In the past, I have been accused of speaking out of turn for saying that we should not be accepting of obesity as a norm. I have been told that, as a naturally slim person, I was merely being self-righteous and judgemental and that if I were fat, I would understand that fatness can be natural, beautiful and healthy. However, when I returned to address the issue as a fat person after doubling my weight during an illness that left me with limited mobility and needing to take centrally-acting medication which made me permanently ravenous, I found that my fatness granted me no right to speak on the issue at all. Instead, I have been informed that I do not merit a fat identity and am, in fact, a fake fat person because I regard my weight gain as part of a medical problem and intend to lose it all again and am, in fact, doing so and celebrating it.
I am told that my own experience of becoming easily tired and breathless, having difficulty getting up off the floor, being unable to ride a bike or run, suffering knee and hip pain if I walk too far, being more prone to chest infections, not to mention developing polycystic ovary syndrome and prediabetes as a result of weight gain, should be kept to myself if I want to be body-positive. Thanks, but I will feel much more positive about my body when it works properly again. My experiences of obesity have been rebuffed angrily with ‘Your experience isn’t everybody’s!’ This is a marked departure from the usual SocJus attitude in which we are to take the worst experiences as representative. In this case, we are to take the best experiences as representative to support the body-positivity narrative, no matter the cost.
I find the claim that there could be such a thing as a ‘fat identity’ as troubling as the idea of an identity based around treatable mental illness. It seems thoroughly psychologically harmful to take on a problem as an identity even if it is a problem that is very difficult or impossible to fully overcome. To define oneself by depression or OCD or obesity is to resign oneself to it and allow it to detract from every other more positive aspect of an individual. If mental illness or obesity becomes one’s identity, there is no motivation to overcome or improve either. An identity is something we become attached to and feel lost without and when it’s obesity, this can be fatal.
As usual, the debate around this becomes polarised with the most extreme voices getting most attention. We see people claiming that it is prejudice, hate speech and ‘fatshaming’ to even suggest that obesity is undesirable in a neutral context, and others claiming that hurling personal abuse at overweight people provides a public service. Most of us fall in neither camp, but some can still be deterred from discussing obesity even with friends they care about from fear of seeming prejudiced or damaging their self-esteem. Alternatively, some have become so sick of the ridiculous excesses of identity politics that they justify or overlook personal abuse of overweight people when their better nature knows this to be unkind and unhelpful.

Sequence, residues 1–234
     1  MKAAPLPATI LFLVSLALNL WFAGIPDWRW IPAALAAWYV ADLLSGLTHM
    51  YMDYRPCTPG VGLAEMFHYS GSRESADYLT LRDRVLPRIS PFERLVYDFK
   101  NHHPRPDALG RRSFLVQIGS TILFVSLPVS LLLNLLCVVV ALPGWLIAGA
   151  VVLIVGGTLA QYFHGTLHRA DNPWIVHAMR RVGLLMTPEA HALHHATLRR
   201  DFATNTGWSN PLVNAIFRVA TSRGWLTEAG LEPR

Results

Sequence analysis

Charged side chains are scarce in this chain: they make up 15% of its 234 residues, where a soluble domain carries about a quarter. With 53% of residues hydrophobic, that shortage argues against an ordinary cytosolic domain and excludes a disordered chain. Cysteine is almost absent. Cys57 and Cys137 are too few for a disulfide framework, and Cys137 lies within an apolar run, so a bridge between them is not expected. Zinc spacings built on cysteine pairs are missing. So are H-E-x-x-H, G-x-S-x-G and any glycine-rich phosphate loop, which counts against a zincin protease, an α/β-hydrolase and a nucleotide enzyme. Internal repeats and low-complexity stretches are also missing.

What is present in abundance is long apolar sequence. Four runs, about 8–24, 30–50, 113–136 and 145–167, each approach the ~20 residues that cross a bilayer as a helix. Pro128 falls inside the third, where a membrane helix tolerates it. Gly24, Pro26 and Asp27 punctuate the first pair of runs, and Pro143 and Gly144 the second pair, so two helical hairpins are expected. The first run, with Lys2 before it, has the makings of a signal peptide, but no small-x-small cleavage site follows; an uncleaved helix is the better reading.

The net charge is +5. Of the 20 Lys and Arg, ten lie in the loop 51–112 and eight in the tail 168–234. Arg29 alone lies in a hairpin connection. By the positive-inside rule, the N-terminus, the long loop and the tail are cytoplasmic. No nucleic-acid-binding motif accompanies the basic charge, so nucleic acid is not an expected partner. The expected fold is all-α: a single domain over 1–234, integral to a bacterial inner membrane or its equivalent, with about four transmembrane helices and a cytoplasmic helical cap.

Those of us who consider ourselves to be ethical, reasonable and compassionate individuals should approach the issue of obesity with kindness and respect but also with reason and science; in this case the consensus of the medical profession.
In public life:
We should be guided by the consensus that obesity is unhealthy and a major cause of early death and serious life-limiting illness, and resist any attempts to normalise or glorify obesity. Whilst concerns about the fashion industry using models who are dangerously underweight are justified for the same reasons that glorifying obesity is, there is no justifications for protesting the employment of models with a healthy BMI. Attempts to equate thinness with white supremacy or argue health to be a social construct are, frankly, ludicrous. Instead, we can promote health and fitness by posting helpful articles from reputable sources on social media without targeting any individuals.
In dealings with strangers and acquaintances:
Mind your own business. There is almost never any reason to refer to a stranger’s or casual acquaintance’s weight. Studies have shown that genuine fat-shaming – unkind comments about an individual’s weight – actually makes people’s health worse. The exception to this rule is they have lost weight and either tell you this or you see them often enough to notice. Then you have the opportunity to congratulate or compliment them. If you feel wary about complimenting someone’s weight loss, it is usually safe to say, “You look great/really well!” I have been updating Twitter about my weight loss and every time 20 people who have never met me congratulate me warmly and I find this a real boost to my will-power.